A walk through financial contagion
A quick history lesson in financial contagion
How did we even get here? A couple of months ago, we thought the worst was here. People lost their life savings with UST losing its peg, DeFi protocols lost a further 80 percent of all their value, and to top it off, three arrows capital liquidated their fund because they did not take a basic risk management course. The crypto space thought this was the bottom and couldn't get any worse. But we missed one critical point about contagion: it takes time. When a trader liquidates his account, he loses his money in seconds. But when a company has to liquidate its holdings, it takes time. Contagion takes 9 to 12 months to see the result. Before we dive deep into the history of contagion, we must understand what contagion is and where it started.
Contagions are known as financial crises with the potential to spread quickly and unexpectedly. It can virtually occur in a global or a domestic market. It happens in a domestic market when a large bank sells its assets; this affects the confidence investors have in other banks. While in the global market, as clear in the 1997 crisis, because of the devaluation of Thailand's baht, a large portion of East Asian currencies fell by as much as 38 percent, which spread across East Asia and Southeast Asia. This also affected markets in Latin America and Eastern Europe. Contagions are aggravated mainly by asymmetric information; this results in unsustainable investments and reactionary market downturns in response to the weakening of these markets.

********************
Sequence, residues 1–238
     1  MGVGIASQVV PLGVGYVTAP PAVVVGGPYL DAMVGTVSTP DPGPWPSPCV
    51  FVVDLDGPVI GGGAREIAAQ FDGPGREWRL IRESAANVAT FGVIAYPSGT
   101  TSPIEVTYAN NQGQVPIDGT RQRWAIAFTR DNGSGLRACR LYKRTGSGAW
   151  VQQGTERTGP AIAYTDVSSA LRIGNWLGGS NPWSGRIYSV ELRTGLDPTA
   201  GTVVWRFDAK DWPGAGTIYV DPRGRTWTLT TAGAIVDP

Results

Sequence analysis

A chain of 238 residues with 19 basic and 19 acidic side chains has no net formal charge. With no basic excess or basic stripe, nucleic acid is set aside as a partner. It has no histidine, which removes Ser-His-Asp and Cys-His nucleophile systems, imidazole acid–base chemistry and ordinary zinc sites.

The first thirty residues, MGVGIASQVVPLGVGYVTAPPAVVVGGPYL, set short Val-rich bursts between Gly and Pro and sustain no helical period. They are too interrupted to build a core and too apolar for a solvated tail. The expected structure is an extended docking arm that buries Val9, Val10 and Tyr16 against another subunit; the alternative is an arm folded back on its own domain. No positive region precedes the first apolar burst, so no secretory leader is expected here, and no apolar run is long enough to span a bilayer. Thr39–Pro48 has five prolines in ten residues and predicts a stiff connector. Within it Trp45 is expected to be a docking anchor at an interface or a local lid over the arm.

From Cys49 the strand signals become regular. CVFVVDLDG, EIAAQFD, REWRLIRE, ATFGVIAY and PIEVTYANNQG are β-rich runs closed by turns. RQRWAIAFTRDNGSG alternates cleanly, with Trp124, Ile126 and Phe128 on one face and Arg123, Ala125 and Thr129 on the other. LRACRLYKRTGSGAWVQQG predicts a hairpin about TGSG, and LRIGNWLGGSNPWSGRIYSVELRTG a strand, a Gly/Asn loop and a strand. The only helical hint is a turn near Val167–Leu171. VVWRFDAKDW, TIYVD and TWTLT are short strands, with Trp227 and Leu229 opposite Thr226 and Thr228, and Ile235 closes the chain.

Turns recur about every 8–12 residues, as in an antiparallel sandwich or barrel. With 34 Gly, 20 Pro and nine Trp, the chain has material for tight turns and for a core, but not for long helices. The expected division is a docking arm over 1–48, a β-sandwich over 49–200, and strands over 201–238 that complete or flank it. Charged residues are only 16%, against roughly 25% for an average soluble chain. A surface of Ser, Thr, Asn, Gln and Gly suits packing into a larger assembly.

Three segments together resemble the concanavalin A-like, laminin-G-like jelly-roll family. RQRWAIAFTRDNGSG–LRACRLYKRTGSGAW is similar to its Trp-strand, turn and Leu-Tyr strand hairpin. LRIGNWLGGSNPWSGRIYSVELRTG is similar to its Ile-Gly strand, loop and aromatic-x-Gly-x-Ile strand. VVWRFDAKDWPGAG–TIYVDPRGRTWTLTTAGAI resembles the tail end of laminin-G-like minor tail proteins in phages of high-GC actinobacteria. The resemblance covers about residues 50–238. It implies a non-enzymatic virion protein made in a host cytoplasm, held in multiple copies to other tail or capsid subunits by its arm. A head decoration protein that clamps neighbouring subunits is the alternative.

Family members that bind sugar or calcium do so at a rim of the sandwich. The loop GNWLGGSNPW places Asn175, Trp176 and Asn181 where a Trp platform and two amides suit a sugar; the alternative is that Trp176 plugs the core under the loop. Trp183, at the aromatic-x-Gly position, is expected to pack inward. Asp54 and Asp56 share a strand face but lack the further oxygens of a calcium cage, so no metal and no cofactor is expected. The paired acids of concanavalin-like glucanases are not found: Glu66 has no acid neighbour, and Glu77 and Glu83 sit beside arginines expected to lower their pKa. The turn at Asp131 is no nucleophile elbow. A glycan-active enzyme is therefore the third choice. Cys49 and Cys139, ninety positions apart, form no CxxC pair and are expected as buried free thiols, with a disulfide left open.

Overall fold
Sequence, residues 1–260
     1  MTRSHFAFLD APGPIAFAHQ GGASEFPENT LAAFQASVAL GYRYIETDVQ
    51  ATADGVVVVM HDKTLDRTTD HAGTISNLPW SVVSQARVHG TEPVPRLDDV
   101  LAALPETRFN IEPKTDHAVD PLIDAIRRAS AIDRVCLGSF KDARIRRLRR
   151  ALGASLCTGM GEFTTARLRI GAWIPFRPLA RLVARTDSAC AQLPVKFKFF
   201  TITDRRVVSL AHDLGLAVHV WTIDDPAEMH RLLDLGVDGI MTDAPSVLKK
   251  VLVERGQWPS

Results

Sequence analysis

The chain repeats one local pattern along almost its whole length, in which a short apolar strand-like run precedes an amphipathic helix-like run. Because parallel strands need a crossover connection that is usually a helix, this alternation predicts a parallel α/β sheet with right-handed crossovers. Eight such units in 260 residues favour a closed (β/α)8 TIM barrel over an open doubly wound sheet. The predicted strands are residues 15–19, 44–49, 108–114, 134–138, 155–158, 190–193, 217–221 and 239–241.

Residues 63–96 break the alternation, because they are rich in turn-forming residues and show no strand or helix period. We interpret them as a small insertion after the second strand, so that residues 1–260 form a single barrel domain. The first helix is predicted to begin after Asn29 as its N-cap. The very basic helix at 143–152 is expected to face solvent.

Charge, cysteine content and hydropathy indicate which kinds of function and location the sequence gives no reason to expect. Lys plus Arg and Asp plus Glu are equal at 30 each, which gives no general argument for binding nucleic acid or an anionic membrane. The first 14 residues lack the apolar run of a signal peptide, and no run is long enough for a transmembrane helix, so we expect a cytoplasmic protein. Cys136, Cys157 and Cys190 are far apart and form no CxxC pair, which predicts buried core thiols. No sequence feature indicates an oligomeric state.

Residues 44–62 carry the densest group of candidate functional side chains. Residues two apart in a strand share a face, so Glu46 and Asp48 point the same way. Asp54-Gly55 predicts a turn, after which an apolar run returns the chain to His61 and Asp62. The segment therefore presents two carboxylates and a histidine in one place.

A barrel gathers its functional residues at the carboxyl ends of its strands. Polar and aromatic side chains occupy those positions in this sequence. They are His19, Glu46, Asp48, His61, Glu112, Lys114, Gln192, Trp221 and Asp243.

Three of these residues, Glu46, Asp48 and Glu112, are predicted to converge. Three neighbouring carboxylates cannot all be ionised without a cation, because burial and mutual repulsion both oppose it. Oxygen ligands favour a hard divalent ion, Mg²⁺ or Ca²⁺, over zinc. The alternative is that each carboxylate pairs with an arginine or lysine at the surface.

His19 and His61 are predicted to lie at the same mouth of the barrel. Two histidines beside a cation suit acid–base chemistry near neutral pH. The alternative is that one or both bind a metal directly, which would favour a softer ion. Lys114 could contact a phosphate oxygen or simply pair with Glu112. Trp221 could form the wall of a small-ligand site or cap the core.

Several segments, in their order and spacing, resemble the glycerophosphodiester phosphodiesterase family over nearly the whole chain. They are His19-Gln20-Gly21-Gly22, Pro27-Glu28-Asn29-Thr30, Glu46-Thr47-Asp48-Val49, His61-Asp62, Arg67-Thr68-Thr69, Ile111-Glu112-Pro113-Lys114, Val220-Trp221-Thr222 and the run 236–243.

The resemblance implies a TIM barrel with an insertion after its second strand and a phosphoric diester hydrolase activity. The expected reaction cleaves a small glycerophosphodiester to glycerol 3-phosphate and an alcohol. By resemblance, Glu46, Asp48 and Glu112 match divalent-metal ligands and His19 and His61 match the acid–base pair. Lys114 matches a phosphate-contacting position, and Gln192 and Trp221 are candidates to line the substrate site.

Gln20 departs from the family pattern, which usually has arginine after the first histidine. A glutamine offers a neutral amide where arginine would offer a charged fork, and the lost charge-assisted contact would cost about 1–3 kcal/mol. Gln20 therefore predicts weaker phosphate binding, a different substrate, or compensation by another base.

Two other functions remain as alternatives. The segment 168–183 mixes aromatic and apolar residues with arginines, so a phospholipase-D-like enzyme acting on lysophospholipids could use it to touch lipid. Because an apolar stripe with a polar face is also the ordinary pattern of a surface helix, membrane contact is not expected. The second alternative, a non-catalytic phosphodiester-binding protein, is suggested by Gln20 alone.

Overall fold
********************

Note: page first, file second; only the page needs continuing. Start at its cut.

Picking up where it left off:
Contagion is a structural feature of the financial system that is endogenous to the economics of maturity transformation. In my judgment, it is not likely to be resolved through better risk management or improved prudential oversight.
Without affirmative steps to contain it, the contagion problem will continue to haunt the financial system.
Contagion has played in the development of the US Federal Reserve System, which was created in reaction to the Panic of 1907. The Fed was the belief that private efforts of the clearinghouses to provide liquidity to their members were not sufficient to forestall panics. Worsening economic conditions can cause depositors to withdraw their money from weak banks in favor of stronger ones, showing that most bank failures result from homogeneous balance sheet impairments caused by the collapse in asset prices.
Looking at the 2008 financial crisis, finance professionals minimized the contagion role. Lehman was a dangerous transmitter of contagion. An increase in the price of a Lehman CDS caused subsequent increases in the CDS prices of other financial institutions. Lehman’s effect on other firms was the largest among global financial institutions. Undefined JPMorgan was a prime beneficiary of this kind of funding transfer during the financial crisis, as retail customer deposits defined and prime brokerage assets defined flowed out of weakened commercial and investment banking institutions and into JPMorgan’s insured deposit and prime brokerage accounts.